It is well known that the U.S. income tax system has enormous compliance costs. Economists generally view compliance costs as the sum of direct payments made to tax lawyers and tax accountants for tax-related services plus the opportunity cost of time spent by everyone else. Everyone else basically includes firms and individuals who complete their own tax forms and deal directly with the IRS with respect to tax audits and litigation (rather than employ tax professionals to do the “dirty work” for them). A cursory survey of the tax compliance literature yields estimates (based upon this specific compliance definition) ranging from $200 to $300 billion, or approximately 1.7 to 2.5% of GDP.
In 2002, it is estimated that individuals, businesses and non-profits spent 5.8 billion man-hours complying with the federal income tax code, which is the financial equivalent of imposing a 20.4-cent surcharge for every dollar that the income tax system collects. Apparently it is quite expensive to figure out what taxable income actually is. This is not surprising in light of the substantial and growing complexity of the Internal Revenue Code. The number of words in the Internal Revenue Code that specifically address the topic of income taxation has grown from 172,000 words in 1955 to 982,000 by 2000, an increase of 472 percent. Income tax regulations, which provide taxpayers with the “guidance” they need to calculate their taxable income, have grown at an even faster pace from 572,000 words in 1955 to 5,947,000 words by 2000, an increase of 939 percent. Combined, the federal income tax code and regulations grew from 744,000 words in 1955 to 6,929,000 by 2000—an increase of 831 percent. (Source: “The Cost of Tax Compliance”).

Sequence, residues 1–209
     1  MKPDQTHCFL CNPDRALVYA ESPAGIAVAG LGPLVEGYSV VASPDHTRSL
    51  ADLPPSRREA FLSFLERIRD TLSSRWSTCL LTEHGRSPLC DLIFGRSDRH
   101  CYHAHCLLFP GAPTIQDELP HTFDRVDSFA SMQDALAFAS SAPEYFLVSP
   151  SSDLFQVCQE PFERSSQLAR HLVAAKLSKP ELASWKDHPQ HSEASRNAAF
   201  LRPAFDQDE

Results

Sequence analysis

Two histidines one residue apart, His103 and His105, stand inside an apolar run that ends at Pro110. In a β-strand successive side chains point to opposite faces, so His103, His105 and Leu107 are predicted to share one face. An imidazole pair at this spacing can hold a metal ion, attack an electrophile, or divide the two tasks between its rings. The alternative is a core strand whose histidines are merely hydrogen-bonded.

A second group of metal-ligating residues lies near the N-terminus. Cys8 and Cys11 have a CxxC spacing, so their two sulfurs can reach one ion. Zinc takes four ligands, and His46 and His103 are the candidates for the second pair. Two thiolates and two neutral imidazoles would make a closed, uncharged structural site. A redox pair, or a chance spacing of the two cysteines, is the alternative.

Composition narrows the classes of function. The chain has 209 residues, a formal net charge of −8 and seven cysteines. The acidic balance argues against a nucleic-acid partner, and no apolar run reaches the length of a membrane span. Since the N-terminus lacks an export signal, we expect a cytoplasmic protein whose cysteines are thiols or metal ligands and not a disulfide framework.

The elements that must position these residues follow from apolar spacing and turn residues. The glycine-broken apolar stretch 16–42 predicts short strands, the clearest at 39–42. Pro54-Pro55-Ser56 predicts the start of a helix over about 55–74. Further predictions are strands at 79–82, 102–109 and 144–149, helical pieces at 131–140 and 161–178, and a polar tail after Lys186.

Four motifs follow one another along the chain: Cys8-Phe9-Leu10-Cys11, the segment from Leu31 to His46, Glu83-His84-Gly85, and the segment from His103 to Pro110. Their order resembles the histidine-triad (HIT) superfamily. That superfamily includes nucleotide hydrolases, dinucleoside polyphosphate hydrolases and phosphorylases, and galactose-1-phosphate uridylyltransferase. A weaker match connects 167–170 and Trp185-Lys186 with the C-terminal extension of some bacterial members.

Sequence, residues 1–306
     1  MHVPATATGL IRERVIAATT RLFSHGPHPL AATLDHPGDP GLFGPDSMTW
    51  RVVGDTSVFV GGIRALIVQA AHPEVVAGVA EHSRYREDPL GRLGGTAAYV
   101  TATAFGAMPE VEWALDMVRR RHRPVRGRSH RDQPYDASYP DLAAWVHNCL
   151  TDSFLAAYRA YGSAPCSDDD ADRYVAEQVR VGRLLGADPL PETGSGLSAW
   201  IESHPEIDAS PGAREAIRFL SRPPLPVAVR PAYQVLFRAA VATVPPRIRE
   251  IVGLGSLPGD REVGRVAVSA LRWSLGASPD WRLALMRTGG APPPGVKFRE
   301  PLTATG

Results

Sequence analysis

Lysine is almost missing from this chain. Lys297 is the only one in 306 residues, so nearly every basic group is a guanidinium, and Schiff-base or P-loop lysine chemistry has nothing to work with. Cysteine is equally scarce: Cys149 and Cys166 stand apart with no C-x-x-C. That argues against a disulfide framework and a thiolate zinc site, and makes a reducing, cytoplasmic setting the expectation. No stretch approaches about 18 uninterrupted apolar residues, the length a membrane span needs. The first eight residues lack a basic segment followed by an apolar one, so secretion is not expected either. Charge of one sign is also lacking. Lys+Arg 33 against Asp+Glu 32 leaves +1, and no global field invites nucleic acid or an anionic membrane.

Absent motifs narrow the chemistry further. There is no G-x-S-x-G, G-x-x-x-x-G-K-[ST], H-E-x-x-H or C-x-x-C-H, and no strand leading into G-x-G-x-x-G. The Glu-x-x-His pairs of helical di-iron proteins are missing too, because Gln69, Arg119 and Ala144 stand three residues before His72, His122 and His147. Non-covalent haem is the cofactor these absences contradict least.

Interestingly, the CNNMoney website published an article yesterday that points out another yet another important cost related to the current U.S. income tax system that is of a similar order of magnitude as the cost of compliance. This relates to the cost of noncompliance. Preliminary findings from a recently published IRS study show that the gap between what’s owed and what’s actually paid is between $257 billion and $298 billion (see the article entitled “Taxpayers stiff IRS by nearly $300B”). So let’s summarize. The current U.S. income tax system has substantial transactions costs (1.7 to 2.5% of GDP) and at the same time produces a net shortfall of tax revenues to the government of a similar order of magnitude (i.e., an additional 2.1 to 2.5 percent of GDP). Relative to the amount of money actually collected by the IRS, these costs total around 40%.
In the risk management literature, it is well known that the asymmetric nature of the corporate income tax creates incentives for firms to prefer hedging over retaining risk. Tax asymmetries derive from two important features of the corporate income tax; specifically, tax rate progressivity and incomplete tax loss offsets. Thus the incentives conveyed by the manner in which the tax system is structured creates yet another cost; specifically, firms and individuals have a tendency to underinvest in risky (but potentially profitable) assets, which in turn limits the economy’s prospective growth potential. Thus the current U.S. income tax system gives rise to underinsvestment problems in the economy and is also very costly to administer.
Clearly, very powerful vested economic interests (with lots of money to “invest” in lobbyists) prefer the status quo, so it will be interesting to see whether Congress is able to reform the tax system such that administrative costs are substantially reduced and economic incentives with respect to risk bearing are less distorted. Most of the proposals (e.g., a “flat” income tax or a consumption tax) that are on the table presently have the potential (at least in theory) to accomplish both of these goals, which in turn would bode well for the future growth and competitiveness of the U.S. economy.